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Harris Center for C onservation Education in Hancock names educator and volunteer of the year

  • The Harris Center for Conservation Education in Hancock celebrated its educator of the year and volunteer of the year at its annual meeting Sunday afternoon. Staff photo by MEGHAN PIERCE—

  • Sam Evans-Brown of NHPR was the keynote speaker at the Harris Center for Conservation Education’s annual meeting at the center in Hancock Sunday afternoon, talking about his adventures cover environmental issues through podcasts. Staff photo by MEGHAN PIERCE—

  • The Harris Center for Conservation Education in Hancock celebrated its educator of the year and volunteer of the year at its annual meeting Sunday afternoon. Staff photo by MEGHAN PIERCE—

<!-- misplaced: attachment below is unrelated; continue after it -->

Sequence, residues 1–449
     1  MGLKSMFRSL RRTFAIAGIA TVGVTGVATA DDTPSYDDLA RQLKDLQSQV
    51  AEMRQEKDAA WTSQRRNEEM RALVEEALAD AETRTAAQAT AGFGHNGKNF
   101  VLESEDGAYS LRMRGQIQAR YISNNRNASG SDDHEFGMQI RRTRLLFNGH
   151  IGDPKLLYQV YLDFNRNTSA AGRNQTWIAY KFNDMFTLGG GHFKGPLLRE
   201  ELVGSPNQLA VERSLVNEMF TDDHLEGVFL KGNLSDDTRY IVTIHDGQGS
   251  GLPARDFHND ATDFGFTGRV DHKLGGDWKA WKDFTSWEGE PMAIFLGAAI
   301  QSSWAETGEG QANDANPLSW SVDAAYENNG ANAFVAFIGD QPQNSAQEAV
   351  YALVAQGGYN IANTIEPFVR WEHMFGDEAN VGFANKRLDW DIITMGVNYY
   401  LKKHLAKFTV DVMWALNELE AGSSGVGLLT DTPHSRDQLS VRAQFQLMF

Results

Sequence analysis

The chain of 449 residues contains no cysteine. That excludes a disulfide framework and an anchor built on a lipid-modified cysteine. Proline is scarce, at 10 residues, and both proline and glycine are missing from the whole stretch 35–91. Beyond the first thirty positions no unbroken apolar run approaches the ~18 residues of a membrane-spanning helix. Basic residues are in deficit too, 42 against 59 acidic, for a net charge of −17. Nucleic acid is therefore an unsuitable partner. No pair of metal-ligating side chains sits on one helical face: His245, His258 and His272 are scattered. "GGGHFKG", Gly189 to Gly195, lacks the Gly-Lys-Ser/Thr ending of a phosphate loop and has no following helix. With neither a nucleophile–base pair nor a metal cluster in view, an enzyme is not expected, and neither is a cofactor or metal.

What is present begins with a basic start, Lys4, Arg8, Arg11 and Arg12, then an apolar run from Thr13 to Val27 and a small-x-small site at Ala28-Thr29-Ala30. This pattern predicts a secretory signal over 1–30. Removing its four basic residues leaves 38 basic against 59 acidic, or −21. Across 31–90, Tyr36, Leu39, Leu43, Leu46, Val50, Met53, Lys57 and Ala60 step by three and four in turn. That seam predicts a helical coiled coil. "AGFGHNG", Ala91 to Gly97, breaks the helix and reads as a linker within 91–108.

• Harris Center 2018 winner of the Laurie Bryan Partnership Award Ray Cilley of Greenfield with Harris Center Land Management Coordinator Eric Masterson and Eric Webb at the Harris Center Sunday during the center’s annual meeting. Staff photo by MEGHAN PIERCE—

  • Claudia Dery of Peterborough was presented the Harris Center for Conservation Educator of the Year Award at the center’s annual meeting in Hancock Sunday by Harris Center teacher/naturlaist Jenna Spear O’Mara. Staff photo by MEGHAN PIERCE—

  • The Harris Center for Conservation Education in Hancock celebrated its educator of the year and volunteer of the year at its annual meeting Sunday afternoon. Staff photo by MEGHAN PIERCE—

  • The Harris Center for Conservation Education in Hancock celebrated its educator of the year and volunteer of the year at its annual meeting Sunday afternoon. Staff photo by MEGHAN PIERCE—